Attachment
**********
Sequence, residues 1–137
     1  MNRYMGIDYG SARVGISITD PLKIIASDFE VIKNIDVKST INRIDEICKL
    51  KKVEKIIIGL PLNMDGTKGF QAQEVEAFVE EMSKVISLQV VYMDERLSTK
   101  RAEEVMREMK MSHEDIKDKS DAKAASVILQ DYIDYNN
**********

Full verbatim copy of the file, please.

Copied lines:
Sequence, residues 1–137
     1  MNRYMGIDYG SARVGISITD PLKIIASDFE VIKNIDVKST INRIDEICKL
    51  KKVEKIIIGL PLNMDGTKGF QAQEVEAFVE EMSKVISLQV VYMDERLSTK
   101  RAEEVMREMK MSHEDIKDKS DAKAASVILQ DYIDYNN